Of all the breeds of bears, this is the easiest to tame. Event-driven bear markets recover much faster than any other bear market. In fact, the six we’ve seen since 1960 have lasted an average of 418.4 days, or roughly 13.75 months. Matthew Carr-Investment U

4.Leveraged Loans Up 50% From 2015

Wolf Street
Leveraged loans – they’re issued by junk-rated overleveraged companies with insufficient cash flows – are part of the gigantic pile of risky corporate debt that is now being brutally repriced as concerns over credit risk (the risk of default) are finally bubbling to the surface. Since February 22, the S&P/LSTA US Leveraged Loan 100 Index, which tracks the prices of the largest leveraged loans, has plunged 20%:
Leveraged loans are risky and murky. And they’re a big pile: about $1.2 trillion of US-originated leveraged loans, up 50% from $800 billion in 2015. These loans are traded in slices like securities or are packaged into highly rated Collateralized Loan Obligations (CLOs). But for years, investors had the hots for them, driven by their relentless chase for yield, in a world of interest rate repression.
These companies are often owned by private equity firms that had acquired them through leveraged buyouts, during the process of which they loaded up the companies with debt. In addition, PE firms extracted special dividends from their companies, funded by leveraged loans, which is a form of asset stripping. This leaves the company more leveraged and more precarious and more likely to topple. But who cares? Those were the good times and the chase for yield was on.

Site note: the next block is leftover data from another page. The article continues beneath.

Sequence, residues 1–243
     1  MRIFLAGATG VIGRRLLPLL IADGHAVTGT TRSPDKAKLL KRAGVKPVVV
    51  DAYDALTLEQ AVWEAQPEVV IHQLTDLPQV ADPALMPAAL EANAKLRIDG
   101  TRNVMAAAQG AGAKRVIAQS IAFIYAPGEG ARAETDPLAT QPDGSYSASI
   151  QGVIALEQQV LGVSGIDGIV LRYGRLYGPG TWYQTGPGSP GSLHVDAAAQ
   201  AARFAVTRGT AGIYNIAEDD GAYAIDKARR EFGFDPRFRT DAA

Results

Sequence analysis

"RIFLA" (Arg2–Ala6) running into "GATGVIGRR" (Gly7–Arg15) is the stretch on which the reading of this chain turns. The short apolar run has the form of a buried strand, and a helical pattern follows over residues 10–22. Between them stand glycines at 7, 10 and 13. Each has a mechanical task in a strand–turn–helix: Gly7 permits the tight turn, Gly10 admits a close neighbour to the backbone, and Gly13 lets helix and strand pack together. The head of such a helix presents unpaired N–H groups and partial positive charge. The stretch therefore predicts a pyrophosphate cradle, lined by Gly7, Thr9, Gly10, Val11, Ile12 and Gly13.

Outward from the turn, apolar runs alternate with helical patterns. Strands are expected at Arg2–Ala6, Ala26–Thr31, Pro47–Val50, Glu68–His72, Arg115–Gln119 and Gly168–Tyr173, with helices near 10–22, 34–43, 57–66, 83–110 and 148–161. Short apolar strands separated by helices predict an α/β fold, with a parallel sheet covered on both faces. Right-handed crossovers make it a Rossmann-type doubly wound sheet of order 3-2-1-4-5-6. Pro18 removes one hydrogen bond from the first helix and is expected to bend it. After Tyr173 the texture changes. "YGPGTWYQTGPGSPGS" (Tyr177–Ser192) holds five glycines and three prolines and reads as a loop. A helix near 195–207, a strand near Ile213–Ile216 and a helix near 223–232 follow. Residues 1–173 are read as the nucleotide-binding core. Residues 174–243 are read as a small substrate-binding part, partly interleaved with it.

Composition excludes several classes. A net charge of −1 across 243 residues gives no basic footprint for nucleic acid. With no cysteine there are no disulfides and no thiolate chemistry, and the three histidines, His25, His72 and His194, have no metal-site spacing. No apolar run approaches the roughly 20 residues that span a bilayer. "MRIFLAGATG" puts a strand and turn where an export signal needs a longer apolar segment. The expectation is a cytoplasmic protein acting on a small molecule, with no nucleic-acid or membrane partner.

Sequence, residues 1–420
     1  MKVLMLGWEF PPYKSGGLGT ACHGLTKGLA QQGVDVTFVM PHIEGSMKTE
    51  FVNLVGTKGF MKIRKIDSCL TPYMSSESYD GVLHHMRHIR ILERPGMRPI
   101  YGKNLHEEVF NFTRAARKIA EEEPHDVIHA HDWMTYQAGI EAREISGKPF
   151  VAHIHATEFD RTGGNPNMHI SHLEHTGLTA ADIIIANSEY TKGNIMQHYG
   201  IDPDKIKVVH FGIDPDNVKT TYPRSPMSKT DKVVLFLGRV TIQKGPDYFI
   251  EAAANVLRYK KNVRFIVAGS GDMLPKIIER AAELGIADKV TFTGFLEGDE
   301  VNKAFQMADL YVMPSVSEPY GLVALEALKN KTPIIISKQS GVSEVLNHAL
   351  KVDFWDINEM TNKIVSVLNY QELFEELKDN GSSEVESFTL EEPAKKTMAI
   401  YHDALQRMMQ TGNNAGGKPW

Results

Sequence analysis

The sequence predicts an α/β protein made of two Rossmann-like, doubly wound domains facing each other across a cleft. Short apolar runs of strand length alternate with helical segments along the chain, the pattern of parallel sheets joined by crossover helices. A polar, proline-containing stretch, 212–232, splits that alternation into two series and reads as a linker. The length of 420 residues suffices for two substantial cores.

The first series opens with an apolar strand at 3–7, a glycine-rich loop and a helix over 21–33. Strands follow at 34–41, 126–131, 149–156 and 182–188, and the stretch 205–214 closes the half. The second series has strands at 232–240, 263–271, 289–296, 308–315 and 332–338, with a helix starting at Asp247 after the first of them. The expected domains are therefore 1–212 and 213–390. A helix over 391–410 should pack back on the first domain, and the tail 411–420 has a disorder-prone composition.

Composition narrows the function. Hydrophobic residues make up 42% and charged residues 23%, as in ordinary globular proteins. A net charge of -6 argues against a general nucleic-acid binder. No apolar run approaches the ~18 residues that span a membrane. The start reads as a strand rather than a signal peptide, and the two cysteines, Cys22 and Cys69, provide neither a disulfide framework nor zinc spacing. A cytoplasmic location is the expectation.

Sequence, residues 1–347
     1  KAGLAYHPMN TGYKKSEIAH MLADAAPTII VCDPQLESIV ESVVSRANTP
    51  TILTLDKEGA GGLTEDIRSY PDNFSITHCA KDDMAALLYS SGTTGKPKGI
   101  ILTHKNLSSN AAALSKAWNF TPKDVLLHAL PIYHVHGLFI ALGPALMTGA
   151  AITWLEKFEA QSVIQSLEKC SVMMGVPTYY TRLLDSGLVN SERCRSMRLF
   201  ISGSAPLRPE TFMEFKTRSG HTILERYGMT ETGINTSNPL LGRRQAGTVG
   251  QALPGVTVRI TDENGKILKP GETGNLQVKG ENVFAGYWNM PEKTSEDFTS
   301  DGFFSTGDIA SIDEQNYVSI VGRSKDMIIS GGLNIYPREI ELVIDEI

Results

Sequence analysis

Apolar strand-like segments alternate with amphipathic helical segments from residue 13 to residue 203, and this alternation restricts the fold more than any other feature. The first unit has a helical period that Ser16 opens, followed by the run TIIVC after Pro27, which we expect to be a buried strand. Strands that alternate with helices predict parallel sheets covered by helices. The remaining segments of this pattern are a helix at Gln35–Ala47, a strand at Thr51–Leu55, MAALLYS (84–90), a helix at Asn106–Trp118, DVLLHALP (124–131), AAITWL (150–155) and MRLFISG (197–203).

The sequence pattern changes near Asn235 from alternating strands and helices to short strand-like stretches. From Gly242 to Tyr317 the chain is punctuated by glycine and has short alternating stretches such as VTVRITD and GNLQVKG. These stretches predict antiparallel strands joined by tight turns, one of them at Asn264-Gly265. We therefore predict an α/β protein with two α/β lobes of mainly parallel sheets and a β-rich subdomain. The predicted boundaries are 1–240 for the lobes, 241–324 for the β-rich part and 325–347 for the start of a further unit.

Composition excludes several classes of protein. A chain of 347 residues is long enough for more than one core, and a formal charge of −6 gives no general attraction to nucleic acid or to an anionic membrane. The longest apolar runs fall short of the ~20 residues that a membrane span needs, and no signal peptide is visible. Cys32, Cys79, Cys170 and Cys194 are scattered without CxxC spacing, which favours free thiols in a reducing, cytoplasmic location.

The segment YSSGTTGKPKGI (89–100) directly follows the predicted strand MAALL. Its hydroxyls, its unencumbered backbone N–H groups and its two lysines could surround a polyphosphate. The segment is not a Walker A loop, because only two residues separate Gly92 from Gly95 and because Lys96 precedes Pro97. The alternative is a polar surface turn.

Leveraged Loans Blow Out. Distressed Corporate Debt Spikes
by Wolf Richter This is the moment when yield-chasing turns into a massacre.

Leveraged Loans Blow Out. Distressed Corporate Debt Spikes

5.Big Private Equity Firms Down More Than Market.

PE Firm Blackstone -42% but still well above Dec. 2018 lows.

KKR -45% Breaks below 2018 lows

6.Utilities -9% in a Day….-35% from Highs.

Utilities-decrease demand in recession and other stocks dropping to levels where dividends as attractive

7.Checking in on Developed International and Emerging Markets